MoTA’s endorsement of harmoniously interpreting the overlapping provisions of VFR and FRA is perhaps a utopian ideal. When analysed through a legal lens, the VFR rules are in direct violation of FRA provisions.
Under the Forest Rights Act, Gram Sabhas are empowered to formulate rules for preservation, protection, management and conservation of their Community Forest Resource. The VFR rules, however, provide that the Gram Sabha will divest itself of all its statutory powers and responsibilities in this regard. MoTA has, in its latest memorandum, asked MoEFCC to develop rules for community forest management, giving away the Gram Sabha’s most crucial power under FRA.
The Forest Rights Act also contains no time limit for any community of forest dwellers to submit its claims. However, according to the VFR, any community that has not submitted its claim will find its forest rights appropriated by the committee established under VFR. In fact, the memorandum issued by MoTA on December 8, 2015 states that a Gram Sabha could pass a resolution stating that no forest rights are likely to be claimed. This is important because VFR implementation can only be initiated by the state government where the process of recognition and vesting of individual and community rights under FRA is complete. The scope of misuse of this provision is immense.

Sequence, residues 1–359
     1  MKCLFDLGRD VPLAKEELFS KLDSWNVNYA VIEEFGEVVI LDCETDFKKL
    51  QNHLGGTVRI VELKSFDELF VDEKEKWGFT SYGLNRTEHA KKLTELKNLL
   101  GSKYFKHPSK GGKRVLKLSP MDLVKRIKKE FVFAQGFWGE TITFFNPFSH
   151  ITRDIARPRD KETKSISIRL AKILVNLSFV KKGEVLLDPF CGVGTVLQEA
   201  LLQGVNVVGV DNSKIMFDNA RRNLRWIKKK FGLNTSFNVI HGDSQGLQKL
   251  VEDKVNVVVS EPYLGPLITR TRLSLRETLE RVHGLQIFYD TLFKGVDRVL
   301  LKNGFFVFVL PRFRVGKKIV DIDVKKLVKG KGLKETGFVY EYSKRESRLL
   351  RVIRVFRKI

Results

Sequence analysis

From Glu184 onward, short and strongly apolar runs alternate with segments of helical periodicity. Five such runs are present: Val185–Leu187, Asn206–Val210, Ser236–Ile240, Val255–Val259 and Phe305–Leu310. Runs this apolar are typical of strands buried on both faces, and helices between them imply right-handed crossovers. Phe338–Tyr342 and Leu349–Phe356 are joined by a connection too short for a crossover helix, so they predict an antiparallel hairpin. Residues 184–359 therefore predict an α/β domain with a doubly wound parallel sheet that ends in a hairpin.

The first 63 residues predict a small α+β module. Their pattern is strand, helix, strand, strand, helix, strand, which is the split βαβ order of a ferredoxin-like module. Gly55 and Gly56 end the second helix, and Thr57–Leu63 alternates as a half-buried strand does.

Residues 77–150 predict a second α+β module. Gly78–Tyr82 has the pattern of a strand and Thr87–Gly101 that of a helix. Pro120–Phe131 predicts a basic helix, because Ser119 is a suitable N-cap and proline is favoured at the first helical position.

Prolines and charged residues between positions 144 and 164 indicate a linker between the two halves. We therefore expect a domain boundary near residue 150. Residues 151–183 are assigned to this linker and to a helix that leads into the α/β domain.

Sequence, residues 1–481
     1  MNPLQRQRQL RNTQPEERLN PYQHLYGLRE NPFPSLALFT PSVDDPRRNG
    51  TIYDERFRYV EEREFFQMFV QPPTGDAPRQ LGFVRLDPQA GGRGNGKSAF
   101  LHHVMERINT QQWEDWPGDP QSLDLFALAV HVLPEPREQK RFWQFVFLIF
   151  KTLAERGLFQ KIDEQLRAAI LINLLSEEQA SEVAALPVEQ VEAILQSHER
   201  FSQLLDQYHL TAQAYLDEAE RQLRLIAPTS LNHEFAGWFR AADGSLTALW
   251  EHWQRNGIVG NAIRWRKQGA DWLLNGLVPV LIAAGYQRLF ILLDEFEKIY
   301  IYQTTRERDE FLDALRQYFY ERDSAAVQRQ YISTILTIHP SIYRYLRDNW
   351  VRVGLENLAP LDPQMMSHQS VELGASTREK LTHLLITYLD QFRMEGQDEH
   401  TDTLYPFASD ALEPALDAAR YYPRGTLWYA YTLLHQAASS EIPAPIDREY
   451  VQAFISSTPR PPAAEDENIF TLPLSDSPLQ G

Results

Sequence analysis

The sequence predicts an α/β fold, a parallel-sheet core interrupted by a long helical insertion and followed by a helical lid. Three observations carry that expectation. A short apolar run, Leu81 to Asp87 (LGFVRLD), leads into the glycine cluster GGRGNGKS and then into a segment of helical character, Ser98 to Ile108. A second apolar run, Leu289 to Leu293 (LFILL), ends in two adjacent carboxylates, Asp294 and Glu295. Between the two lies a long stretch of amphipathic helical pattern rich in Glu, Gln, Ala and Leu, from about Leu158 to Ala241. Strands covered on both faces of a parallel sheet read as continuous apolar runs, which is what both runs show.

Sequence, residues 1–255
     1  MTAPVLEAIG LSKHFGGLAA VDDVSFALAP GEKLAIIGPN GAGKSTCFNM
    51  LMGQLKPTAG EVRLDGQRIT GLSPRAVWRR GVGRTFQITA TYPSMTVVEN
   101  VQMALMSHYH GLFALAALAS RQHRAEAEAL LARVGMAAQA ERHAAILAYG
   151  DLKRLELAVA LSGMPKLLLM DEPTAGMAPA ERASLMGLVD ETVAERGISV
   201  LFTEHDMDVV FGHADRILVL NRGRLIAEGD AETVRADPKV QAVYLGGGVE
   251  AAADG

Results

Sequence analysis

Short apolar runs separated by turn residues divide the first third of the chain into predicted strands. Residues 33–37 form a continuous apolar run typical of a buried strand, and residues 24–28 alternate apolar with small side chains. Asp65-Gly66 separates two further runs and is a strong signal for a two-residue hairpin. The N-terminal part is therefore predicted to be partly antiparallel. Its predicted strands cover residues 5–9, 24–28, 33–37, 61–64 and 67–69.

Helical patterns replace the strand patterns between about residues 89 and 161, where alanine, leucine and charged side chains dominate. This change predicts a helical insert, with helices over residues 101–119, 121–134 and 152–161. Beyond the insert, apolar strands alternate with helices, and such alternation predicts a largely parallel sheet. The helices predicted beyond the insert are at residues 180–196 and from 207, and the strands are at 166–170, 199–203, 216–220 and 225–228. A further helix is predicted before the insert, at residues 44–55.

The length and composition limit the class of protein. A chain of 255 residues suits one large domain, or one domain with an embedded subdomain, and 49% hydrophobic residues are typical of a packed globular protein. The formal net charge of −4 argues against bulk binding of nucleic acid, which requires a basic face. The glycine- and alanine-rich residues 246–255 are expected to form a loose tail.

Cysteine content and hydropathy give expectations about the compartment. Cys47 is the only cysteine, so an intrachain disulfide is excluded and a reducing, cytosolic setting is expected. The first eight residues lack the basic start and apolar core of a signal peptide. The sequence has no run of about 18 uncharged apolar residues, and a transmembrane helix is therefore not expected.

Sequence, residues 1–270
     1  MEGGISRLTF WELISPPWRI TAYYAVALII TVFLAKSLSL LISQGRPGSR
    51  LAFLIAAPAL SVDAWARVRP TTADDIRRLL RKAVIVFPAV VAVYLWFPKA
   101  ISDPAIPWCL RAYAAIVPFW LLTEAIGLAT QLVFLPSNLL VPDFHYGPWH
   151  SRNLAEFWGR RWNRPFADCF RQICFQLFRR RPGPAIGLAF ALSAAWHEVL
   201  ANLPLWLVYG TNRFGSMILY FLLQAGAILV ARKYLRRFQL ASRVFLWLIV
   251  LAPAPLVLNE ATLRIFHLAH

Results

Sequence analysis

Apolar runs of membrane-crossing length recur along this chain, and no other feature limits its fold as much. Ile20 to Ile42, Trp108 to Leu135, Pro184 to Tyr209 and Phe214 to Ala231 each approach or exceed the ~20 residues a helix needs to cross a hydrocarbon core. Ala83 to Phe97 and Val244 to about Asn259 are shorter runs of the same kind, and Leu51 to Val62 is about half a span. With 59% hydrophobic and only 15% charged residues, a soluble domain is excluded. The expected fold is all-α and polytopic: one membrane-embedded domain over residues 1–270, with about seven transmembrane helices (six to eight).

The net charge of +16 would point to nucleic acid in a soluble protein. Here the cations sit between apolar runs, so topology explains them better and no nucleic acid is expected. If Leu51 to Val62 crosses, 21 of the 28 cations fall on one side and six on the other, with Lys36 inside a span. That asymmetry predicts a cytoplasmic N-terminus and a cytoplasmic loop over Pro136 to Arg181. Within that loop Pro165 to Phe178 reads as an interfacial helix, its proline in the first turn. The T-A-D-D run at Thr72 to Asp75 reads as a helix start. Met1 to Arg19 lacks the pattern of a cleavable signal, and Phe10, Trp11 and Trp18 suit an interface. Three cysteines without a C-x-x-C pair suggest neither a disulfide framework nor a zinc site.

Rights once recognised under the Forest Rights Act cannot be taken away by the Executive under any circumstances. Surrendering of rights by forest dwellers, whether voluntarily or otherwise, is not provided for. The VFR, however, provides that these forest rights can be withdrawn by the state government under certain conditions. MoTA’s latest memorandum does state that surrender and cancellation of rights under VFR would be contrary to the letter and spirit of FRA but does not provide any corrective measure against it.